getting left behind. Consumers don't want in-ocean fish farm salmon anymore because of its
climate change footprinit. Fish farms put more climate change sewage in the oceans of Norway than
the entire human population.

Now, go to the two posts that are on the Sami and Clayoqwuot First Nation summit in Norway, 
and that the concensus - in Norway - in 2016 - is that fish farms are coming out of the ocean because they are 
non-sustainable:, and,

See the NRS website:

Sunday, 14 February 2016

Clayoquot and Sami Aboriginals, Norwegians, Scientists, Politicians, Public: Fish Farms Need to be On Land

Well, the Clayoquot Action Group that went to Norway to call on the Sami peoples, Norwegians, Norwegian government, scientists, environmentalists and Cermaq, in fact everyone they talked to said this about getting fish farms out of the water:

"A clear consensus has emerged over the past two weeks, through meetings with wild salmon advocates, academics, and an investigative journalist. When asked the question, “how can Canada avoid the problems Norway is experiencing with open-net pen salmon farming?”, without hesitation every single person replied: “Shifting to closed containment production is the only way forward”." 

See: Do read this entire article with the Cermaq, Marine Harvest, Grieg Seafood in-ocean fish farms being described as 'dinosaur technology'.

So, now you have heard  what the reaction is in Norway. What we need in Canada is for Justin Trudeau and Hunter Tootoo to take fish farms out of the ocean. In BC, there are 73 Million wild salmon, in Atlantic Canada there are only 170,000 wild Atlantic Salmon left in the sea. BC has 99.8% of all the salmon in Canada, and we want fish farms on land or they can take their small GDP contribution (part of only $61.9M) and their few jobs (BC Stats says  only 1700 multiplier jobs, and I have looked and found it is only 795 actual jobs) back to Norway and set up on land because the Norwegian government is so fed up with them it is handing out free licences to get out of the ocean and set up on land, a $9- to $12-Million subsidy, representing the auction price of a licence in the ocean.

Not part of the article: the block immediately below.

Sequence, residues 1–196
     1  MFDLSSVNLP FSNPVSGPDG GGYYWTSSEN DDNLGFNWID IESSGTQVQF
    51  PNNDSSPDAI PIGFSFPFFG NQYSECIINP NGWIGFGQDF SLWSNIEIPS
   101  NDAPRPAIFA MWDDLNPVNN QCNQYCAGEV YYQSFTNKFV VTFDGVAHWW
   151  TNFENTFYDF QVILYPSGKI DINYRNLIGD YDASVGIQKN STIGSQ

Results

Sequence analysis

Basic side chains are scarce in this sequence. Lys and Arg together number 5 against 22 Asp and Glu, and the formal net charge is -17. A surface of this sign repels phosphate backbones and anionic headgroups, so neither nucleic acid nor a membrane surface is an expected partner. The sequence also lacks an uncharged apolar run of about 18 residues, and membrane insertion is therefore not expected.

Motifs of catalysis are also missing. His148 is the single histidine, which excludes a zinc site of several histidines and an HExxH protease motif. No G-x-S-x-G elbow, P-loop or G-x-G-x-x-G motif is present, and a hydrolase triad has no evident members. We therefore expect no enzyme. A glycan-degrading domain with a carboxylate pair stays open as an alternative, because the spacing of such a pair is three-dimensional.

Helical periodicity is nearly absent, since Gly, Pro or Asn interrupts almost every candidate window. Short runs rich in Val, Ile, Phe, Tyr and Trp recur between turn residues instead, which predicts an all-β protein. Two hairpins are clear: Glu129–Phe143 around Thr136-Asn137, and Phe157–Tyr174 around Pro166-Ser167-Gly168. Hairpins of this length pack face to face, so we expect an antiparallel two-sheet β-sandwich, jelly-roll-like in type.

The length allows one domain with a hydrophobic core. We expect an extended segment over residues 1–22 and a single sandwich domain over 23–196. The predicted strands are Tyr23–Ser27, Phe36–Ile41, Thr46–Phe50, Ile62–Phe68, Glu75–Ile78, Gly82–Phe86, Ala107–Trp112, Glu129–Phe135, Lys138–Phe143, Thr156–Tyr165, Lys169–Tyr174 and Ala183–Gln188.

So it is on land in Canada, and Norway. The movement is spreading because the public and aboriginals where there are fish farms overwhelmingly reject them in the ocean. In BC, the petition to stop expansion and get fish farms out of the water received 110,000 signatures.

Here is another quote from the Clayoquot Site:

"Signs of a tide change beginning to sweep the industry are breaking daily in major Norwegian media. Dagbladet, the country’s second biggest paper, ran a story pointing out that catches are plummeting in the Alta, “the world’s best salmon river” as the amount of farmed salmon in the nearby Altafjord increases. The production manager of Grieg Seafood’s operations in Alta was quoted saying: “The only solution is to get the fish into closed containment”.
The following day the front page of the paper in Bergen read: “CEO of Marine Harvest prepared to invest US $100M: if everything works as planned, closed containment systems will replace open-net pen salmon farms”.
The Delegation also met with MP Frank Bakke-Jensen, from the governing party, and suggested that with the clear consensus emerging in Norway finally being acknowledged by industry, the government runs the risk of no longer providing leadership, unless they get out in front of the parade."